We have to let loose of the term Gift and Gifted to the extent that the public, the lawmakers, the administrators realize what gifted children have and need to thrive in educational settings has as at least as many facets as it does moments and children in the class. One size, accelerated or not, does not ever fit all.

I believe we need to redefine our parameters for definition. We need to admit verbal defeat. We have to say, “okay, you got me, there is no perfect word or phrase which successfully encompasses that which we are trying to define when we label a child gifted.”

Does there have to be testing? Sure. Does it work in every instance? Of course not. It is a pricey and therefore none-existent option for low-income and impoverished families. Survival, we can all agree, is more important than testing; while this is true, it is critical to remember that the percentage which deliniates the gifted population does not stop at geographic, economic, or budgetary lines drawn on paper. For the many, many children who can’t find the way to the means, let’s pave a path to the Gifted end. Let’s use our words to define Gifted in a way that when the shaky, the questionable, the untested, and the Ungifted look in the mirror, the reflection they see matches our words.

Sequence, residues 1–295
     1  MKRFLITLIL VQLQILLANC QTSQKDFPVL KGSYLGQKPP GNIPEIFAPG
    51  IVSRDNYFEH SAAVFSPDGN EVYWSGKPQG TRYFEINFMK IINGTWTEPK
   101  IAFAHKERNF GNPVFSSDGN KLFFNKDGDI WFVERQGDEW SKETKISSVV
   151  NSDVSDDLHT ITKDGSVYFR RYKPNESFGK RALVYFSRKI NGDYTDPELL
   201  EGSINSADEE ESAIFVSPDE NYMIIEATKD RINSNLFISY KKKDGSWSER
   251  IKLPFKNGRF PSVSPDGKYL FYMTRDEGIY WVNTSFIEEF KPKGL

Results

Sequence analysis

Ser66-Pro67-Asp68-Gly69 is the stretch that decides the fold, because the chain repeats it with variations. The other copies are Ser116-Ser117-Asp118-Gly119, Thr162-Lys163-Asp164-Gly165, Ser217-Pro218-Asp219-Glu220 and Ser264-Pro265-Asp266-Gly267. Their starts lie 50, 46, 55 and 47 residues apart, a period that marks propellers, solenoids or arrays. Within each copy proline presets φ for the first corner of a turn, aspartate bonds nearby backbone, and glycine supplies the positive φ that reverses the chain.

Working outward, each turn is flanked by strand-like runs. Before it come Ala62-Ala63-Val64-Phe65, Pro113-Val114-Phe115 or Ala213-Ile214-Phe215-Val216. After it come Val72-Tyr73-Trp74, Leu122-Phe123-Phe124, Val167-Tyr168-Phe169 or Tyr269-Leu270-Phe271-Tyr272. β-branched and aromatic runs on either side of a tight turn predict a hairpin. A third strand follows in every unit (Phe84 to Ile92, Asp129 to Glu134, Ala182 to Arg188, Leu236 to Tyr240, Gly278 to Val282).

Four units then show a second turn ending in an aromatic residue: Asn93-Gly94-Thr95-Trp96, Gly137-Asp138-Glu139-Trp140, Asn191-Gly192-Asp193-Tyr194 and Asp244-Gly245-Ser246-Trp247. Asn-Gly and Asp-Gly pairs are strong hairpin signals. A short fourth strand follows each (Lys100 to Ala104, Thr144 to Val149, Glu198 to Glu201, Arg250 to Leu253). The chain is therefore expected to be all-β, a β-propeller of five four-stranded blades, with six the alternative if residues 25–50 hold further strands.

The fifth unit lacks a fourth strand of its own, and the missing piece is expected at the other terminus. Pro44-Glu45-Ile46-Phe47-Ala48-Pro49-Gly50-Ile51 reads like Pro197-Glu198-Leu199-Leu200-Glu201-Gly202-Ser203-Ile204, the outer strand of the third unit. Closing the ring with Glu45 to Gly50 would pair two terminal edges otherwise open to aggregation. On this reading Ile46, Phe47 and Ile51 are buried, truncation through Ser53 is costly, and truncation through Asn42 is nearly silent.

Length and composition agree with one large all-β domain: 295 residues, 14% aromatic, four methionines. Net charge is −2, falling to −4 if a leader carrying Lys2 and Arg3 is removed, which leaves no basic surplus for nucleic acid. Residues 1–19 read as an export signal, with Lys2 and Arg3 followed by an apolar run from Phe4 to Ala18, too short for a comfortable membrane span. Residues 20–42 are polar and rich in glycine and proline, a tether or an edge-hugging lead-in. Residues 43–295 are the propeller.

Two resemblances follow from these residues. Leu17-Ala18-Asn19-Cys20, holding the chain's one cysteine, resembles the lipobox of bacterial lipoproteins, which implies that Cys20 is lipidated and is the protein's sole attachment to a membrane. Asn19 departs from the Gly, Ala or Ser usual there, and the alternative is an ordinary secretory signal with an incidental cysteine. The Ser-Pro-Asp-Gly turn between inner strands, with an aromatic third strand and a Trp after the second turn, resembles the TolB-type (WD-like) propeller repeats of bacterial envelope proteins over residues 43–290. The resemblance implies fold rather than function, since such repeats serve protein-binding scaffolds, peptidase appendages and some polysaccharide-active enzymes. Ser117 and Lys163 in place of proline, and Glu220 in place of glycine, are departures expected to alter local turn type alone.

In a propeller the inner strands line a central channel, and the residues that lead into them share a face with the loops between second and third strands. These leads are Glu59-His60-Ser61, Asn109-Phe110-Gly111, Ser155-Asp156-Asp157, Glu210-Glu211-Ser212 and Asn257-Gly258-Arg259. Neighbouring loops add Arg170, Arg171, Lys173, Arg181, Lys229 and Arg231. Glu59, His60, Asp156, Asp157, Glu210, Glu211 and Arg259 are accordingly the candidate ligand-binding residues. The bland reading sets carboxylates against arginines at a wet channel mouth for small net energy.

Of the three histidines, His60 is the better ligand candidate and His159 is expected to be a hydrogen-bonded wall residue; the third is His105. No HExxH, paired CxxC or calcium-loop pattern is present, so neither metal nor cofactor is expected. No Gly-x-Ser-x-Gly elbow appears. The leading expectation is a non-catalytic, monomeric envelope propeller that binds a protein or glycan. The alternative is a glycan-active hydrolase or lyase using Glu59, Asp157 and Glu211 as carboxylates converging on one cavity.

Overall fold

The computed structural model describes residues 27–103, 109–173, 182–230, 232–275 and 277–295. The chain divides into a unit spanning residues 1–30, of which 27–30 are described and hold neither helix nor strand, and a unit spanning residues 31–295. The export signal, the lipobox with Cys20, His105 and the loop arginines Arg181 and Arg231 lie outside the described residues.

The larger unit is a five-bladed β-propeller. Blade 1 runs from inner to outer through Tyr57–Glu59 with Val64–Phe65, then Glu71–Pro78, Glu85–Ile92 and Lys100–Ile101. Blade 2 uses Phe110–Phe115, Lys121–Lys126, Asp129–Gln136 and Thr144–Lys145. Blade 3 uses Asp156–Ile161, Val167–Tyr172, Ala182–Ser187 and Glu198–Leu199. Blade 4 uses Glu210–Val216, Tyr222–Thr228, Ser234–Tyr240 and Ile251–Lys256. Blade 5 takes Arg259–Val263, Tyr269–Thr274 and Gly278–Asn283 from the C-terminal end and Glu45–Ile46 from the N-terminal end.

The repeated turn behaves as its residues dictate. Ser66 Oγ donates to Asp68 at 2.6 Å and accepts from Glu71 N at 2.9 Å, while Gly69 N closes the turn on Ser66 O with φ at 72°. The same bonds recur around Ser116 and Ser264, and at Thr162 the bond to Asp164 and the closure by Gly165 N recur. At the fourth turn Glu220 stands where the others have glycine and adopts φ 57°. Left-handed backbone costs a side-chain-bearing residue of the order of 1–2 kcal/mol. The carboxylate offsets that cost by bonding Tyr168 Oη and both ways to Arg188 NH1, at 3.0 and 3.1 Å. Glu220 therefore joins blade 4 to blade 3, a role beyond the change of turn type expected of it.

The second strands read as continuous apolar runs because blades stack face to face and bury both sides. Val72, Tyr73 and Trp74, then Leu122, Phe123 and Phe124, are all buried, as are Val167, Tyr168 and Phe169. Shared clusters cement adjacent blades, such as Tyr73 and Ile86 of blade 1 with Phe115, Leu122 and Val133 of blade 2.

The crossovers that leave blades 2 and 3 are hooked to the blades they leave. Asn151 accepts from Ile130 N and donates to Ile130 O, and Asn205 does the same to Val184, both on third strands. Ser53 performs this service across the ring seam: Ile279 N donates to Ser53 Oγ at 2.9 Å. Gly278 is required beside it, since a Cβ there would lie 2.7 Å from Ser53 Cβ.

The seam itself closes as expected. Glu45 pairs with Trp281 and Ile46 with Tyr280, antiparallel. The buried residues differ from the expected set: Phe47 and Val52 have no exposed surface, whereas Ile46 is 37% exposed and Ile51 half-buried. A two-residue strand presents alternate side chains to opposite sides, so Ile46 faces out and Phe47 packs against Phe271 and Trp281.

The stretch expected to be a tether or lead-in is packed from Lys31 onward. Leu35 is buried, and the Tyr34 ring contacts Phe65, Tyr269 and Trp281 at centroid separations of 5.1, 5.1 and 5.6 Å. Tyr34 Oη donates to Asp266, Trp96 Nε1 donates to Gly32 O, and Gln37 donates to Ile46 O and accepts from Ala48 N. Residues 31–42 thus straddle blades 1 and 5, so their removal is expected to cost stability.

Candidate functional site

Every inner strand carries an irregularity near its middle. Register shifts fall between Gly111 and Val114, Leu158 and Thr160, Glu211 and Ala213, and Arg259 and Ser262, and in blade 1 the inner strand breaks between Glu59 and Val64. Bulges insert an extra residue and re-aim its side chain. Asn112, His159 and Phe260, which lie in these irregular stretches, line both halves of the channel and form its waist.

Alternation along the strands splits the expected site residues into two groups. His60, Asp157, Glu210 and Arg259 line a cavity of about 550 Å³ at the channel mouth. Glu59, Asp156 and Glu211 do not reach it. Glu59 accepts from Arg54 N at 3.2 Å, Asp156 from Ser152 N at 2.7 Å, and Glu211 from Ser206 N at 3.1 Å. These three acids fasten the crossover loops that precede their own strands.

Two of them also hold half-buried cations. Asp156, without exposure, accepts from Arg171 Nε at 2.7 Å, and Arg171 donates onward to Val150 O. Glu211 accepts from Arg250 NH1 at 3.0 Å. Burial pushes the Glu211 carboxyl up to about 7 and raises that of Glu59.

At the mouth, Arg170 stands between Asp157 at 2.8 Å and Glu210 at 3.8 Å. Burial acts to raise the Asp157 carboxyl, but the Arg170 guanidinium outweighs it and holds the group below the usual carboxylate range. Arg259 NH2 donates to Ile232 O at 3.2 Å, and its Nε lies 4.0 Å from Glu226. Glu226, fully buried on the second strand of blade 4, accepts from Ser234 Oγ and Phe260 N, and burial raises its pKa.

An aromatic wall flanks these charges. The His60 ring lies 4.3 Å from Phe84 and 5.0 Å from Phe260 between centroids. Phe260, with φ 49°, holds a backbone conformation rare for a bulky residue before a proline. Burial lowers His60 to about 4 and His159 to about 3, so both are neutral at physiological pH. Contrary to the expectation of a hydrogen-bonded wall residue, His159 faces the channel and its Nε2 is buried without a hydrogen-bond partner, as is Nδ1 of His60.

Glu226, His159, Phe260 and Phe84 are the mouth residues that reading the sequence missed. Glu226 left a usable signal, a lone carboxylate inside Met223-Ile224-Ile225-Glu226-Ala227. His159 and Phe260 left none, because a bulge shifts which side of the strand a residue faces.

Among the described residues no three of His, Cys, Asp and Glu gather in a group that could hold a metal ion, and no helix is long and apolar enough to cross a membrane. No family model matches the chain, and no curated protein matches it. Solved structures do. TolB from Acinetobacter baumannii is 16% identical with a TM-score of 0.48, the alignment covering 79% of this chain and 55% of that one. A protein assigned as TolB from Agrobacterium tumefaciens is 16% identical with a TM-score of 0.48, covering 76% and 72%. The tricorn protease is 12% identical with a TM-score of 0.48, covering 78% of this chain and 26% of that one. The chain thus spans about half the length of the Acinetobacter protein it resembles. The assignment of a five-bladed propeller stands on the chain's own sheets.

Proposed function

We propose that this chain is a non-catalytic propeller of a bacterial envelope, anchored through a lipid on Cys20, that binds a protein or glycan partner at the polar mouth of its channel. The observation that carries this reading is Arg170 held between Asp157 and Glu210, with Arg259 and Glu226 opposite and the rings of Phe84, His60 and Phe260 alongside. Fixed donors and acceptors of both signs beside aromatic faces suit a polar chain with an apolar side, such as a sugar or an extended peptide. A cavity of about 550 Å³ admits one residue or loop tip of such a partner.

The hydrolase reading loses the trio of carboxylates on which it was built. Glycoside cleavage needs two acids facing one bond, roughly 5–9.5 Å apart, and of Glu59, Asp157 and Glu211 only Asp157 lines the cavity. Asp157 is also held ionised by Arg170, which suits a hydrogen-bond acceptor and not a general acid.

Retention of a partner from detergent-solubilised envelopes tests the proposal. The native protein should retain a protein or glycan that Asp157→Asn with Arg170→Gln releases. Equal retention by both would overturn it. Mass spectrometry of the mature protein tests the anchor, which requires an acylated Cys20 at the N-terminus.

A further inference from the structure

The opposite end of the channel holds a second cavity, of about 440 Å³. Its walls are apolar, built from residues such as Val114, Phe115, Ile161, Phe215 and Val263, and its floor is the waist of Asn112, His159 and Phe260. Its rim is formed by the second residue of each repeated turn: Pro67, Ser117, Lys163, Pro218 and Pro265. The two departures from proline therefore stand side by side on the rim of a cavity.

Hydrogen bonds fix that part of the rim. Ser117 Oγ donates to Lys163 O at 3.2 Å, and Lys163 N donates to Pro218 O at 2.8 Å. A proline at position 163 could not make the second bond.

I have looked in the mirror at Gifted my entire life and I still don’t know with any real certainty what it looks like. I have prepared, educated, and advocated for myself and my children; and still, I have no real answer, no grouping of words, no perfect way to encompass all that my children are and all that they require and deserve. But I need to. I need to hurry up and write it out in a way that I can rush in old-school, sweat on my brow, and slap the finished copy onto the world’s desk and watch with a hopeful and exhausted smile as the world’s editor pushes a fedora back and lets out a low whistle. “My word, you sly fox, you! you’ve gone and done it! You’ve cracked the code, figured it out, and by god, this is front page tomorrow!”

The newspaper bundle flops down on the sidewalk the next morning: Extra!!! Extra!!! Read all about it! Parents of gifted and twice exceptional kids have figured out how to convince the world that their children are not better than everyone else and yet still deserve the services, funding, and specialized instruction they require to thrive in educational settings!!

Front page news. That is where I want to see the face of all Gifted Children. I know you do, too, so let’s put them there! Let’s join hands for strength, combine words that are impactful, make sentences which matter, and create a soft web of definition to catch all Gifted children and then, when all Gifted kids -every face and every image- is not defined as much as they are genuinely and unabashedly expressed, we can share them with the world and that, I believe, will leave us all at a loss for words.